1. Be brief; truthful; clear; accurate; persuasive; and courteous.
  2. Know something about the legislator’s background. Be aware if he/she is in a position to have greater influence over a bill. For example: Is he/she a sponsor of the bill you are addressing or a member of the committee hearing a proposal in which you are interested?
  3. Even if you have an appointment, the legislator may not be available. In this case, speak with an aide. Legislative staff can be valuable allies. Treat them with respect.
  4. You will have limited time. Be prepared to state your case in five minutes or less. Present two or three major points. Don’t let the legislator eat up your time with small talk or avoidance of the issue.
  5. Give special recognition to legislators who have been supportive or your position/issues.
  6. Be clear about what you want the legislator to do, i.e. oppose or support a bill. When the visit ends, you want to have a firm answer or strong sense of his/her position (oppose, support, undecided).
  7. Be a good listener; give the legislator a chance to state his/her point of view. This helps to determine what might help sway him/her to your position. Be attentive to body language.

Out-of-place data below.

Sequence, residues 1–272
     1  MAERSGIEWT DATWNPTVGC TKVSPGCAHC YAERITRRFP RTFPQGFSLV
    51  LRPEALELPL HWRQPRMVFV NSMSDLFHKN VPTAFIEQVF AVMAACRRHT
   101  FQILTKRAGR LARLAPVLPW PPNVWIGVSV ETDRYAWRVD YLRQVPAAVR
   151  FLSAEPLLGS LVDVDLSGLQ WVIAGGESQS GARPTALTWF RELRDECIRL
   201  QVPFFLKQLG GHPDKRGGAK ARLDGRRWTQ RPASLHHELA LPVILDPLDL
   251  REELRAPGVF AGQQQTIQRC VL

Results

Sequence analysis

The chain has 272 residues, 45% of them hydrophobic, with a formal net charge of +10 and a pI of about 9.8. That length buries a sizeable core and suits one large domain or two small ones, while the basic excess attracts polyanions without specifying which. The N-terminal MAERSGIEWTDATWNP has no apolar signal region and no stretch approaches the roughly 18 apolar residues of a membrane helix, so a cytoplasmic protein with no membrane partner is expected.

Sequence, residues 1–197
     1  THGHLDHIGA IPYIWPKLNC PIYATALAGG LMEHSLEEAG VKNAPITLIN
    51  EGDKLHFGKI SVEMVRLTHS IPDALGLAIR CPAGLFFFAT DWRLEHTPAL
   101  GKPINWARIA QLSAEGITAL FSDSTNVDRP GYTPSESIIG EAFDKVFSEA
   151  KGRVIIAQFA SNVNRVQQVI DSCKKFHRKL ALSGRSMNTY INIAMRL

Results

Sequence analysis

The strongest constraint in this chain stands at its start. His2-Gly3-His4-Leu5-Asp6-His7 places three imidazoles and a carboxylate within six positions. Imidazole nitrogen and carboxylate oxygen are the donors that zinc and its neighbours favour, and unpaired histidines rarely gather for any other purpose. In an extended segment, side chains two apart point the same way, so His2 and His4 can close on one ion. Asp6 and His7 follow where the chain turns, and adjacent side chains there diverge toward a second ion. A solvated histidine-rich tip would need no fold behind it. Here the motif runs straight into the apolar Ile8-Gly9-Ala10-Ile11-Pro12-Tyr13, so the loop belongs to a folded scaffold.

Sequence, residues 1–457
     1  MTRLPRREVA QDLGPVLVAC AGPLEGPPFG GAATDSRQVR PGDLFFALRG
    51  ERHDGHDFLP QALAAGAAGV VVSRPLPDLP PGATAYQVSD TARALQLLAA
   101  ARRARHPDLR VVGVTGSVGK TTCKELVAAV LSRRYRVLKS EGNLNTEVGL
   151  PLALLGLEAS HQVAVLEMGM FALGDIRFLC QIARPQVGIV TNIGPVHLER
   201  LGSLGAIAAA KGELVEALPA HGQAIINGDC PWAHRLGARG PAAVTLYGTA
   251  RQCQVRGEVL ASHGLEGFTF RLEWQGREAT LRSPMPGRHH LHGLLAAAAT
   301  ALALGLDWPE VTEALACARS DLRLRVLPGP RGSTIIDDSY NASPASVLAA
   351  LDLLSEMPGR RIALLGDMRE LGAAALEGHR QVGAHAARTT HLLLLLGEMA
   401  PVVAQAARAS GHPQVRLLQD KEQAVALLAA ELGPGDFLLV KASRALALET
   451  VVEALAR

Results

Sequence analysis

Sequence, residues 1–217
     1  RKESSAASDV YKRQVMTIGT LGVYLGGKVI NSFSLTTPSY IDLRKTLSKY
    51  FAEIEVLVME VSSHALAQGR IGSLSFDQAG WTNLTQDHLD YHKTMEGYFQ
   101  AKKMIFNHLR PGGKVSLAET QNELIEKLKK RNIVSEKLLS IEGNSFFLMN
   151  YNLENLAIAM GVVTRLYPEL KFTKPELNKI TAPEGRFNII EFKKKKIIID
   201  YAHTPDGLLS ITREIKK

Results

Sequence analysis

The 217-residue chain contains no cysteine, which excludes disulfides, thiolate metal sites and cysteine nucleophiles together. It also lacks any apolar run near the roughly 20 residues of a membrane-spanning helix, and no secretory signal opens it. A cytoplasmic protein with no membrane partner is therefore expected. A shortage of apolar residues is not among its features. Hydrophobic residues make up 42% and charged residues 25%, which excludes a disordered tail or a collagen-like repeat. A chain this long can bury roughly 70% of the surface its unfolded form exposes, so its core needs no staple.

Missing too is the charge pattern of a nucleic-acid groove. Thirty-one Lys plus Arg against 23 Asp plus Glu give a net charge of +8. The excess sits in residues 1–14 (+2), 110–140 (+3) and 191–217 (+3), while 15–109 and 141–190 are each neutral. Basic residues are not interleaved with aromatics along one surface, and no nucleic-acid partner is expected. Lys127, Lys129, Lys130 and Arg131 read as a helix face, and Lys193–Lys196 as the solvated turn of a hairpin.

8. You are not expected to be an expert. If you don’t know something, say so. Tell the legislator you will get the answer.  Send the information with your follow-up letter.
  9. If you realize you made an erroneous statement, don’t beat yourself up. We all make mistakes. Simply follow up with an apology and correct the information.
  10. Do not argue, threaten or be rude. You lose your effectiveness and credibility, and harm the efforts of those who follow you to lobby on the same issue.
  11. Even if dissatisfied with the visit, leave on a friendly note and with a firm handshake. Thank the legislator for his/her time.
  12. It is advisable to record a summary of your visit for future reference. Complete the summary as soon as possible to ensure greater accuracy.
  13. Send a follow-up letter. Restate your position and what you want. Enclose information the legislator may have requested; you didn’t get an opportunity to present; and/or information you think he/she needs based on your conversation.
  14. Maintain contact. Over time, your senator may come to see you as a valuable resource on particular issues.